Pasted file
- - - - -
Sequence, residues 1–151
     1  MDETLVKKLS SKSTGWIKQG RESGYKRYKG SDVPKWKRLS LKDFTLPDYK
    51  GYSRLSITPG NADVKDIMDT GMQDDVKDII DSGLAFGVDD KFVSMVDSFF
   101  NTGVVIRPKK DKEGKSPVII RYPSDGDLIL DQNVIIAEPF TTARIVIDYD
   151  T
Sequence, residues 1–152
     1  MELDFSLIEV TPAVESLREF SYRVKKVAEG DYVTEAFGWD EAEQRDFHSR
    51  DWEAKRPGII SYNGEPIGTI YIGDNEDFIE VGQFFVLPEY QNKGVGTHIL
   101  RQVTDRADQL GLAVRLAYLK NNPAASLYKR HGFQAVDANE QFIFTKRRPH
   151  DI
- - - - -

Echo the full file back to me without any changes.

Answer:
Sequence, residues 1–151
     1  MDETLVKKLS SKSTGWIKQG RESGYKRYKG SDVPKWKRLS LKDFTLPDYK
    51  GYSRLSITPG NADVKDIMDT GMQDDVKDII DSGLAFGVDD KFVSMVDSFF
   101  NTGVVIRPKK DKEGKSPVII RYPSDGDLIL DQNVIIAEPF TTARIVIDYD
   151  T
Sequence, residues 1–152
     1  MELDFSLIEV TPAVESLREF SYRVKKVAEG DYVTEAFGWD EAEQRDFHSR
    51  DWEAKRPGII SYNGEPIGTI YIGDNEDFIE VGQFFVLPEY QNKGVGTHIL
   101  RQVTDRADQL GLAVRLAYLK NNPAASLYKR HGFQAVDANE QFIFTKRRPH
   151  DI